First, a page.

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Madagascar Expedition "06"

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Last year, I once again made plans to fly back to Madagascar for another exciting look at some of the most beautiful and sought after palms in the world. When I arrived after a long 20+ hour flight into Antananarivo, the capital, Dr. Peter Balasky from here in South Florida and Bill Beattie of Australia were already there to join up for some exciting palm hunting.

  Prior to arriving, Pete was already in the country and down in the southern part near Ranomafana with his good friend, Pierrot. There,they were helping in the rebuilding of a schoolhouse and donating many supplies that he had brought over with him. The next day, Bill and I decided we would take a short taxi ride over to the Tsimbazaza Botanical and Zoological Gardens.

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As Bill and I started to walk around, it did'nt take long for some of the good memories from last year's trip to hit me. I soon found myself looking and trying to remember where certain palms were planted. One that I was really wanting to see, was this beautiful speciman of Marojejya insignis.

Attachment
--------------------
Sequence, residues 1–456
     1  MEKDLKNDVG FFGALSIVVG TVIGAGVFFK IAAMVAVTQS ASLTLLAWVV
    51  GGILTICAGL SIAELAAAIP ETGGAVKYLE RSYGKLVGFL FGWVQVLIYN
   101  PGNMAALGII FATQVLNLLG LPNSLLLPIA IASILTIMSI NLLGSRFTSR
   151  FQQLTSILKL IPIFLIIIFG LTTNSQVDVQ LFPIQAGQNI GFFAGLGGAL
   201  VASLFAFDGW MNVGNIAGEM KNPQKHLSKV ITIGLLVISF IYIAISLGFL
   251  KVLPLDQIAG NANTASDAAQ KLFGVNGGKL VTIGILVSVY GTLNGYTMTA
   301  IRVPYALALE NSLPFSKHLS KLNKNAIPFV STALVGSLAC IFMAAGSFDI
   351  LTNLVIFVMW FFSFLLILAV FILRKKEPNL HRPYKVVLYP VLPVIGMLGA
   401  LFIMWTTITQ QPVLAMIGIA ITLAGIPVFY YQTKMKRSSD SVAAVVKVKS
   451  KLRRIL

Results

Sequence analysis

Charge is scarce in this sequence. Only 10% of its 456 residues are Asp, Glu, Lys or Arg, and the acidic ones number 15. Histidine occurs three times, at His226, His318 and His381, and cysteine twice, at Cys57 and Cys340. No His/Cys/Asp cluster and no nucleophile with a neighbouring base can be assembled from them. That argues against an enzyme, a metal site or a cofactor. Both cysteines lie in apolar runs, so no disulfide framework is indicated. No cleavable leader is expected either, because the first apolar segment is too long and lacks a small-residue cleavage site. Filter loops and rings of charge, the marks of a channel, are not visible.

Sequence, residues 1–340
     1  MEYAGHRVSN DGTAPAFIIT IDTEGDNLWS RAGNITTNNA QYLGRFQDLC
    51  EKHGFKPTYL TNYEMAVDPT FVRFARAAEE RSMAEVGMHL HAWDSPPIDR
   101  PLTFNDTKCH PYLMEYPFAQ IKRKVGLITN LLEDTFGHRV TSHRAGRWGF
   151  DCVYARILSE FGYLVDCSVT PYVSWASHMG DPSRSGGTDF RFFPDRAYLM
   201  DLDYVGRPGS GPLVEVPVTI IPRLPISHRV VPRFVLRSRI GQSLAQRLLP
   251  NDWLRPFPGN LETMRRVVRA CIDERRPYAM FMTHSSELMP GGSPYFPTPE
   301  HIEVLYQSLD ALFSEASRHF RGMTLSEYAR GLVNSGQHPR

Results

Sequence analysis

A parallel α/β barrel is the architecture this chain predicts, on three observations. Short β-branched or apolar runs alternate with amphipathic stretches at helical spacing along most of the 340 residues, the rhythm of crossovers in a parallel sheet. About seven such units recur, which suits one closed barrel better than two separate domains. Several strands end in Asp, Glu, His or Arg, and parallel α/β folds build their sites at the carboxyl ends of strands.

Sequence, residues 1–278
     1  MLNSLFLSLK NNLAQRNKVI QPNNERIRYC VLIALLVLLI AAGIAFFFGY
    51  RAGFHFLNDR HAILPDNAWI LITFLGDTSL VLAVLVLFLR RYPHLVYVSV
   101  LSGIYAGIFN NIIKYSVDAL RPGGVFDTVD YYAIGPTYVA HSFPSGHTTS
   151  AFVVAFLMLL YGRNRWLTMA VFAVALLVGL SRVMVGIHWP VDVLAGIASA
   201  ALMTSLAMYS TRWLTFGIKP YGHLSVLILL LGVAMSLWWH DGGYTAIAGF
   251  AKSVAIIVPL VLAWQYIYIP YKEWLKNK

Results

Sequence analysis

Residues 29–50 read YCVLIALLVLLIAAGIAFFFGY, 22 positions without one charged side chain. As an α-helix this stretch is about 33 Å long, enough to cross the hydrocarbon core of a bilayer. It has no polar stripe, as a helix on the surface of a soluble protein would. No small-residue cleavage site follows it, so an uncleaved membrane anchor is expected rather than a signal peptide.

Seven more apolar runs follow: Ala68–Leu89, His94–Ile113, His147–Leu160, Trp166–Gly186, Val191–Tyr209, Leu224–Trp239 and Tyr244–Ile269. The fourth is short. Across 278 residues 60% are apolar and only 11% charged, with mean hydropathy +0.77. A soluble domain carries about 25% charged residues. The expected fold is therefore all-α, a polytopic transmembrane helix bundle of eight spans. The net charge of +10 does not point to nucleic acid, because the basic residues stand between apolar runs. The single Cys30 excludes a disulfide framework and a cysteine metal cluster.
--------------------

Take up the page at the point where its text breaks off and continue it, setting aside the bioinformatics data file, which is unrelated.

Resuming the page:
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Another group of palms we think, were none other than Dictyosperma album, the Princess Palm.There were some very tall specimens that had been planted many years ago. This along with many other species of palms found in the garden, are not native to Madagascar.

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A close up look at the crown of leaves.

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A final look at the crownshaft.

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As we were walking around, we came up to the small house that had many lemurs inside. There was an area where they could go out and run around for the public to enjoy, and then they all had their smaller pens that they could be put into. Here you can see a couple enjoying "playtime".

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Here Bill and I are standing in back of the Lemur cages. These two park workers asked us if we were interested in holding and feeding some of the Lemurs and motioned for us to come over. I thought, hell yea!

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Great so far and I'm anxiously waiting for more Jeffe!!  :D

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Don't get bit Jeff :(

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Oh goody. More Madagascar pics. Please continue.

Zac

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great palms--looking forward to MORE!!! :D

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Jeff - you've got a crowd anxiously waiting for more pics :D